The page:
Welders In Short Supply

Industrial manufacturers are being squeezed by a lack of qualified welders. By some estimates, the shortage of skilled welders will grow to 200,000 in the next few years. Now, some groups are trying to improve the recruiting process.

Manufacturers are all-too-familiar with the labor shortage impacting the industry, and few industrial sectors are being as hard hit as welding. It’s not a glamorous job and young, skilled laborers often pursue less physically demanding work, which is both cleaner and safer.

With a global boom in industrial manufacturing underway, skilled welders are in greater demand than ever, and quality welders are in short supply. The American Welding Society, an industrial association, predicts that by 2010 demand for skilled welders may exceed the supply by about 200,000. Welders’ numbers dropped to 576,000 in 2005, a 10 percent decline since 2000, according to the Bureau of Labor Statistics. Indeed, there is an overall shortage of skilled tradespeople impacting industries worldwide as production of industrial machinery grows at record levels, and securing parts to build industrial goods has become a challenge.

From small manufacturers to Fortune 100 companies, the effort to recruit and train welders quickly has become a monumental task. Since welding cannot be easily automated, critical experience and careful judgment is required where robotic solutions are simply not a viable option.

The average age of welders continues to ascend past the middle fifties; as these experienced welders contemplate retirement, welding schools and plant floor training programs cannot create replacements fast enough to meet the demand. The result is a much higher wage for welders, an average increase of 17 percent since 2000, according to the BLS. Small manufacturers suffer most from the welder shortage, as trained skilled workers swap jobs to higher paying competition.

ResourceMFG, a manufacturing support organization, and Welder Testing Inc., have formed a partnership to help manufacturing companies get the skilled employees they need, including welders. The partnership was developed to offer job-specific training to welders that enable the welder to upgrade his or her skills and qualify for open positions with manufacturers in the Houston area. Client specific training programs are also made available as an option for companies who need welders trained in their processes and specific welding procedures.

"This partnership combines ResourceMFG's expertise in recruiting and WTI's expertise in qualifying and training welders. This will offer manufacturers another option when it comes to hiring qualified welders," noted Drew Rathburn of ResourceMFG. Manufacturers provide a qualified weld procedure and candidates apply, interview and weld test for multiple opportunities, all in one stop. Clients do not spend their time and resources on continually testing applicants at their facility.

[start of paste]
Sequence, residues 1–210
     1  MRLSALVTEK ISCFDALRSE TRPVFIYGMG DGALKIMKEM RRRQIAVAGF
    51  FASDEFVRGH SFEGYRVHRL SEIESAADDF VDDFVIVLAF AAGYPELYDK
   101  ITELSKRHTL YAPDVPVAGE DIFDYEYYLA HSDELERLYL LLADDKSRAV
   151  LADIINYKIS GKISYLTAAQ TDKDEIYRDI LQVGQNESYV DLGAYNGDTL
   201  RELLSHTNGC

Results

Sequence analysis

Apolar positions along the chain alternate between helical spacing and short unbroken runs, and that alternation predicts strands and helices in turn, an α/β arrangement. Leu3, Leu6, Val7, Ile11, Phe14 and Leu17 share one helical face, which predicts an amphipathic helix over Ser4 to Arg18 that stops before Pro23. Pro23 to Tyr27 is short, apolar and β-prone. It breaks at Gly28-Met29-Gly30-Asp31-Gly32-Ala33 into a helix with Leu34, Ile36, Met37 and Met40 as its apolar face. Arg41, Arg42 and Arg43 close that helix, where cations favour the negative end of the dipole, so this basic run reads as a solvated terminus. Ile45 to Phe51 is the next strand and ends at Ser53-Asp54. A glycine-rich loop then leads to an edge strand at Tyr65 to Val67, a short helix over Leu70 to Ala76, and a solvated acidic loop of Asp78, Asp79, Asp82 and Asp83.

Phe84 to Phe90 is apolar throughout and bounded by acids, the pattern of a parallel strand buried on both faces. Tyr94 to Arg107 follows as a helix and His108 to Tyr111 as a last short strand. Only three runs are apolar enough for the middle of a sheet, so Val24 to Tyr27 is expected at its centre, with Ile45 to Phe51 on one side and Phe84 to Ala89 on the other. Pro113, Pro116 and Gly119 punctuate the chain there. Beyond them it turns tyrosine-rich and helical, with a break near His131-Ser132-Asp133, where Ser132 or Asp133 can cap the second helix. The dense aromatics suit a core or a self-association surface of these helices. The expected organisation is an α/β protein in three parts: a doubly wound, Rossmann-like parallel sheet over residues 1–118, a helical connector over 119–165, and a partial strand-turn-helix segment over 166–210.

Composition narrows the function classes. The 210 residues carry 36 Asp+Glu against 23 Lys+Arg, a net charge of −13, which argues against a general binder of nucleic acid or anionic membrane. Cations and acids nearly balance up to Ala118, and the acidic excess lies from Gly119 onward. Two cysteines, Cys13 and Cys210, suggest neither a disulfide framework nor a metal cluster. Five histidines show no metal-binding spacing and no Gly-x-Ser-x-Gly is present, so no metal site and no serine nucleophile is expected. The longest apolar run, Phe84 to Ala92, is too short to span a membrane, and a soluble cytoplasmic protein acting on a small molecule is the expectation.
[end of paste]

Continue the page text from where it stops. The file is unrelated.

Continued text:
According to John Johnston of ResourceMFG, "Our recruiters were finding experienced welders, but they might take a weld test in a process they were not familiar with at their previous job and fail the weld test. Sending a welder to our clients that produced a failing result was not acceptable anymore. Clients and candidates were becoming frustrated by this process. We had to find a way to improve our service and offer training to good candidates that just need some skills training in order to succeed at a new job."

This model of using leading manufacturing specific placement organizations is likely to expand to a national program to meet the increasing demand for welders. Hiring the correct tradesperson with appropriate skill sets is critical to cost containment, including recruitment and training. Since many of these manufacturers have created lean initiatives, a key source of eliminating waste is in the recruiting process. Working with employee organizations with manufacturing expertise proves highly efficacious versus in-house hiring and testing efforts, which almost always prove time-consuming, frustrating, and more expensive.

General placement or recruiting operations lack the expertise and discernment required to test and decipher the highly specific requirements needed of welders and other production personnel. Since a premium is now required in compensating great welders, there must be a cost-efficiency in the recruiting process; it must be a succinct and proven methodology.


Thomas R. Cutler is the President & CEO of Fort Lauderdale, Florida-based TR Cutler, Inc., a manufacturing marketing firm. He can be contacted at
trcutler@trcutlerinc.com.

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